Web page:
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Like other large software and hardware providers, Microsoft has a business unit focused on selling to utilities, many of which are investing to make energy delivery more efficient.
Part of that effort includes Hohm, a web application for consumers to track energy use and get recommendations on how to improve efficiency at home.
Microsoft has signed a few deals with utilities to feed energy usage directly into Hohm, but it's also trying to connect to home energy monitors that don't require a smart meter. Earlier this year, it announced a deal with the maker of the PowerCost Monitor, which is now making a wi-fi gateway to transmit electric meter data to Hohm via a home broadband connection. People can view real-time electricity usage and get historical data to better understand how much different energy appliances use.
Photo credit: Martin LaMonica/CNET
Competing neck-and-neck with Microsoft for web-based home energy monitoring is Google. Its PowerMeter web application gives people a real-time read-out of electricity usage and, with the aid of a smart meter, can give details on what different 'plug loads' - appliances and electronics - use in a home.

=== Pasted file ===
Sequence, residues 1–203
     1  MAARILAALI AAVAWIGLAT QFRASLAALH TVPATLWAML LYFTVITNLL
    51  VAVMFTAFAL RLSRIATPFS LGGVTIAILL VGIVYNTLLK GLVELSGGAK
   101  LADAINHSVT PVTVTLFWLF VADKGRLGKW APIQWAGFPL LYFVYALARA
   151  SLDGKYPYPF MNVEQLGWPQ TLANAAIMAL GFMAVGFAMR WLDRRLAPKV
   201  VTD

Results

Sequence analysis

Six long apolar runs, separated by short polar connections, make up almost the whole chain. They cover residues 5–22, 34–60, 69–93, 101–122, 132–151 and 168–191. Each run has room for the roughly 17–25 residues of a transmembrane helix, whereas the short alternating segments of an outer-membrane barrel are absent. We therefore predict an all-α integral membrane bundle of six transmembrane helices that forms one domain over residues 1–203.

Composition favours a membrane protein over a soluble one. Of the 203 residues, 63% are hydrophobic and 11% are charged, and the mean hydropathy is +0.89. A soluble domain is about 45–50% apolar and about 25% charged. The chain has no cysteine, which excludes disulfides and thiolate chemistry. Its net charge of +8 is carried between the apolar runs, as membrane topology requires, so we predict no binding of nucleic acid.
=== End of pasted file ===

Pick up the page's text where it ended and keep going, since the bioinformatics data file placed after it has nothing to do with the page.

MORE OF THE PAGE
Google says that it intends to expand the capabilities of PowerMeter over time to monitor gas and water, to potentially schedule electric vehicle charging and participate in utility demand response programmes.
Photo credit: Google
Cisco is aggressively moving into the smart grid with an array of products, including networking gear for substations and datacentre equipment to process data coming in from sensors and smart meters on the electric grid. In September it bought wireless sensor company Arch Rock, which is expected to become part of its grid networking product line.
One of Cisco's big utility deals is with US company Duke Energy, through which it's supplying networking equipment as well as a home energy controller, pictured here. It's one of several home energy management systems geared at giving consumers more data on energy usage and electricity rates as they change during the day.
Photo credit: Cisco